Despite the 2003 crackdown on dissidents known as the Black Cuban Spring where the Bush Administration tightened sanctions on being able to travel to Cuba and set limits lower on remittances sent to the island. However, nothing was changed in the cash and carry sales made by U.S. companies to the Castro regime.Towards the end of the Bush Administration in August of 2008 the Cuban government announced that the United States was its fifth leading trading partner. Despite the rhetoric the joint military exercises continued through out the eight years of the Bush Administration, and not surprisingly have continued under the Obama Administration. In 2009 President Barack Obama loosened embargo restrictions and four years later shook hands with Raul Castro at Mandela's funeral in South Africa on December 10, 2013 while human rights defenders in Cuba were being beaten up and arbitrarily detained on International Human Rights day.

Dictator Fidel Castro and Vice President Richard Nixon
Ironically, the first U.S. president to shake hands with Fidel Castro was Richard Nixon on April 5, 1959 when he was President Eisenhower's Vice President. Nixon met with Fidel Castro for two and a half hours in what was supposed to be a 15 minute meeting. Fidel Castro described the meeting as "very friendly." Ironic because after Richard Nixon's resignation in 1974 to avoid impeachment in the Watergate scandal it was his Secretary of State Henry Kissinger who made a serious attempt to normalize relations with the Castro regime during the Ford Administration.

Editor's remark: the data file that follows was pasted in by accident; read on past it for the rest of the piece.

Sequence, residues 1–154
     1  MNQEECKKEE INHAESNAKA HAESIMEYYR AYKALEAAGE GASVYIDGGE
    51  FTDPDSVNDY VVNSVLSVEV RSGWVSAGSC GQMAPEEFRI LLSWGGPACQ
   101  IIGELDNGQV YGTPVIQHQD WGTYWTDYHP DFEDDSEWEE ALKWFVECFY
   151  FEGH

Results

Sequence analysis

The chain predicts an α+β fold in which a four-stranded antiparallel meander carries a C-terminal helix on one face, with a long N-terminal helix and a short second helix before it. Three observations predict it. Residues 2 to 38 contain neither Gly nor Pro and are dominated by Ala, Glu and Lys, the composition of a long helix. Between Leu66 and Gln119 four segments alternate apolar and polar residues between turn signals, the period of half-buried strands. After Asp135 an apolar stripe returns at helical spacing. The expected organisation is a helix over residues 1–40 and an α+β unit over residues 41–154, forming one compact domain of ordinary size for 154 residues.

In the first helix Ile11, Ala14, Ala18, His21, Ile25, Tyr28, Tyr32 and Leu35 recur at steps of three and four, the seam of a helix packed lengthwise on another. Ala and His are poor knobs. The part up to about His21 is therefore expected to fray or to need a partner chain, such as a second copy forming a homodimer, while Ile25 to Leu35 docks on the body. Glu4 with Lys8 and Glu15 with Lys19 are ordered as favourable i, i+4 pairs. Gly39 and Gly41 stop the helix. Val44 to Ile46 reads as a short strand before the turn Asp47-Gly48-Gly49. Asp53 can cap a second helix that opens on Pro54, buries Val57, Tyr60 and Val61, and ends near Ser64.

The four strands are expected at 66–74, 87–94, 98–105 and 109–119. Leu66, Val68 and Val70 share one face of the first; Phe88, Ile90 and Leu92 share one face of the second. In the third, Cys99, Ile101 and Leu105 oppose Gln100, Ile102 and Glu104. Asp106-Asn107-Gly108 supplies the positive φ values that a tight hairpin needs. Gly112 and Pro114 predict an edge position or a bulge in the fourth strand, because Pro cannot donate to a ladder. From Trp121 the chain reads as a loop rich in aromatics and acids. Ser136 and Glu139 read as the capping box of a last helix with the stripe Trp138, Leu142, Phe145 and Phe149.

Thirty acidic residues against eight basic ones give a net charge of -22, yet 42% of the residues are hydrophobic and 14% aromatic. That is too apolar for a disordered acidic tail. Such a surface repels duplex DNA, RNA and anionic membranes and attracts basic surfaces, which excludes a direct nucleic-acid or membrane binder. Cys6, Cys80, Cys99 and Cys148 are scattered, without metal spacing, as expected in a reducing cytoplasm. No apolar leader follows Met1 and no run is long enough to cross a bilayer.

Henry Kissinger and David Rockefeller
At the time Secretary  Kissinger was engaged in diplomatic outreach in 1975 with the Khmer Rouge who he himself recognized were murderous thugs he was also advocating lifting the embargo on Cuba and normalizing relations with Fidel Castro.  Kissinger has also had a close relationship with David Rockefeller, a man who always opposed sanctions on Fidel Castro and hosted the Cuban tyrant at a dinner at the Rockefeller family's Westchester County, N.Y., estate in 1995. 

Fidel Castro and David Rockefeller
President Barack Obama's new Cuba policy is neither brave nor the "most significant" in the past half century but part of the Establishment's long game to normalize relations with the Castro regime that stretches back at least 39 years.

This is the third of three reflections (The New Cuba Policy: How did we get here?) in a multifactorial analysis of what is taking place on Cuba policy today. The first part looked at the state of the United States in 2014 and why it would be susceptible to the machinations of the campaign underway. The second part provided an overview of totalitarian networks and why democracies have difficulty defending themselves from them.